Here we come to the crux of the question: Sternhell’s way of proceeding is indeed marked by the use of categories of analysis which transcend the contexts in which historical actors developed their thought. Is this, however, enough to methodologically invalidate his analysis? The use of categories transcending narrow historical contextualisation is a necessity for any work with diachronic ambitions. Tracing the development of any tradition of thought over time, in other words, implies the use of descriptions and definitions which would have appeared bizarre to the thinkers of the time. The employment of a meta-language, and the anachronism, teleology, and de-contextualisation that come with it, are, to a point, a necessity of any genealogy, of any historical enquiry which aims to do more than simply take a synchronic snapshot of the past. Therefore, it seems incorrect to identify the problem in the mere use of categories such as Enlightenment and anti-Enlightenment.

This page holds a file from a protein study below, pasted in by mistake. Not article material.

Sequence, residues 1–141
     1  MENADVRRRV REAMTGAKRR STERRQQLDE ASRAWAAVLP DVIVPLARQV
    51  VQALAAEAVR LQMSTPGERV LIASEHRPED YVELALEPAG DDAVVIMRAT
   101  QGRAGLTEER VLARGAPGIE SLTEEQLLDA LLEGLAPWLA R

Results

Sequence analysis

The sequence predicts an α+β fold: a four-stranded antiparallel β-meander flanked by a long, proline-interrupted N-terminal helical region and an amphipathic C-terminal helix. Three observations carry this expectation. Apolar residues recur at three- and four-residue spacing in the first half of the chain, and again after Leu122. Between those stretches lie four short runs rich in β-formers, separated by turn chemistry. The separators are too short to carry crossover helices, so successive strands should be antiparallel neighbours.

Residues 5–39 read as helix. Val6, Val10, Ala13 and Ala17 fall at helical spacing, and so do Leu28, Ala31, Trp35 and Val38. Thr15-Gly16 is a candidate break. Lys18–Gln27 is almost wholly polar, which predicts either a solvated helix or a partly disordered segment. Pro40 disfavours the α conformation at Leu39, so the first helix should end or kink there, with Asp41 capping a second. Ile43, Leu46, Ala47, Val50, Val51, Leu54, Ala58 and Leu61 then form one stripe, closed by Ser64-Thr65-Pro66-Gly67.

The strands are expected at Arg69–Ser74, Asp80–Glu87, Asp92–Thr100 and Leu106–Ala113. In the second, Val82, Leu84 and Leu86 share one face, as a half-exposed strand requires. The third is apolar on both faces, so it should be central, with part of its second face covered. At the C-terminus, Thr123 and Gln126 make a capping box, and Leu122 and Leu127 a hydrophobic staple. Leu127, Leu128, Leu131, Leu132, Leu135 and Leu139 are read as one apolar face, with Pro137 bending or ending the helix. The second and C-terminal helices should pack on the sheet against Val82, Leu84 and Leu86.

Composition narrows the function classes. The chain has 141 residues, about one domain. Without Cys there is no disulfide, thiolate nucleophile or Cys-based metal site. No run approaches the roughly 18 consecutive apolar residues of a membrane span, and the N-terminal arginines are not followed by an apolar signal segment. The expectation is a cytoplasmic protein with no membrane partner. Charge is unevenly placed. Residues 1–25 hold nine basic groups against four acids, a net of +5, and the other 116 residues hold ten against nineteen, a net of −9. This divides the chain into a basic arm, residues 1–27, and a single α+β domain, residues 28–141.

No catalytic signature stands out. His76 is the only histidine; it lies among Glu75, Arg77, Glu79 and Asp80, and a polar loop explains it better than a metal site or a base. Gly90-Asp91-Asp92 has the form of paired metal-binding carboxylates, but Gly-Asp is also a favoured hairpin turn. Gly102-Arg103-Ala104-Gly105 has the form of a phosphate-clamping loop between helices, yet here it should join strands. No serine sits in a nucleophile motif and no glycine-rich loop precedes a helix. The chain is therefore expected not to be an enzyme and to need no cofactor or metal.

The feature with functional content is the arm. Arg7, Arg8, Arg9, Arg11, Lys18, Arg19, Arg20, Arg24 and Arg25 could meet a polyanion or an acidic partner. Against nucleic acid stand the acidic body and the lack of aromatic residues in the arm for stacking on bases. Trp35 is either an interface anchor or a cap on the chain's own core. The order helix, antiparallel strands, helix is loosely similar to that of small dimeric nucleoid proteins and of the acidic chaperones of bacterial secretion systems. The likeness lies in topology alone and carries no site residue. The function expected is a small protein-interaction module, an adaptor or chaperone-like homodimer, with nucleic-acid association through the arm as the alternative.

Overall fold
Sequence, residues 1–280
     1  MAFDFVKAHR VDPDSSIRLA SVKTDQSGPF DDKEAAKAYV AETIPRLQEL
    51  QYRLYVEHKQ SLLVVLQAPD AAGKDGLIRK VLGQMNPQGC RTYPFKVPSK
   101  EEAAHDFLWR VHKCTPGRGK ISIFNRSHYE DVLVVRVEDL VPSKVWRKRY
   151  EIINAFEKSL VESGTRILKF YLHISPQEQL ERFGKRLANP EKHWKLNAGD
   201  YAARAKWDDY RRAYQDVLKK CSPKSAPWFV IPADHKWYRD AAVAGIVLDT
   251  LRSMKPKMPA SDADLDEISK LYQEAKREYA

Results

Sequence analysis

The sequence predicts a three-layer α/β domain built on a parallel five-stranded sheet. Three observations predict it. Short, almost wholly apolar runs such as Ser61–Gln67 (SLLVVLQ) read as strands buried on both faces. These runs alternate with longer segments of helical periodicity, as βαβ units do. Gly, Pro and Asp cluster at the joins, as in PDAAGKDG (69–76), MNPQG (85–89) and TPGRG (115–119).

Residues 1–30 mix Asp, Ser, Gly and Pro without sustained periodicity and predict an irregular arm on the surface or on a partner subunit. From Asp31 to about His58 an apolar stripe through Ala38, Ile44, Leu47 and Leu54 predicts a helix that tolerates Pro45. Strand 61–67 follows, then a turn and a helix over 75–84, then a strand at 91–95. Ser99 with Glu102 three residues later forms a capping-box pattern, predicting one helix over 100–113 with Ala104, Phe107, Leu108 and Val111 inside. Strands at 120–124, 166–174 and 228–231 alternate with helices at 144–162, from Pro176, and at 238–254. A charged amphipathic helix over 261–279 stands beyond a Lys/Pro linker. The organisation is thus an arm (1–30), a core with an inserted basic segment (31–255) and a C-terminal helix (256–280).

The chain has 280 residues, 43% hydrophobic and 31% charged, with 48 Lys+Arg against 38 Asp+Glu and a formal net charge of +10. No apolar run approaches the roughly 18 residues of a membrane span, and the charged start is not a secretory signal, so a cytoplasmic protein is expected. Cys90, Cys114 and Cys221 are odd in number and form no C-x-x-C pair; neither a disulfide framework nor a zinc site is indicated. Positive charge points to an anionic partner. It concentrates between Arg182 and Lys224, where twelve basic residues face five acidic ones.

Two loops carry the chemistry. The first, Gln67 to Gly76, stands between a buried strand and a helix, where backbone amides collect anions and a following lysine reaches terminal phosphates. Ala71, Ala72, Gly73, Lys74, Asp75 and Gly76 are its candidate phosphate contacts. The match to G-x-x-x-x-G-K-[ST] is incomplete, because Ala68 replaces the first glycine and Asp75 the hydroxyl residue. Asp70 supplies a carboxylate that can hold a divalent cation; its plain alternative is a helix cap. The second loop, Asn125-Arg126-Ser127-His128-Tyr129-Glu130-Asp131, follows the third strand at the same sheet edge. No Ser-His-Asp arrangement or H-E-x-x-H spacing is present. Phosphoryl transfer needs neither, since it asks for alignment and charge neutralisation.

The problem lies not in the mere presence of these meta-historical tools of analysis, but, rather, in the way in which Sternhell has come to employ them over time. As we have seen, in Maurice Barrès the anti-Enlightenment tradition was sketched with a certain nuance, insisting on its internal transformations over time, and paying attention to the crucial distinction between the work of an individual and its reception. Over time, however, much of this nuance disappears, and passages from his later works do seem, at times, to interpret two centuries of European intellectual history through the prism of what is, after all, a not too dynamic dichotomy between French universalistic culture and German romantic particularism.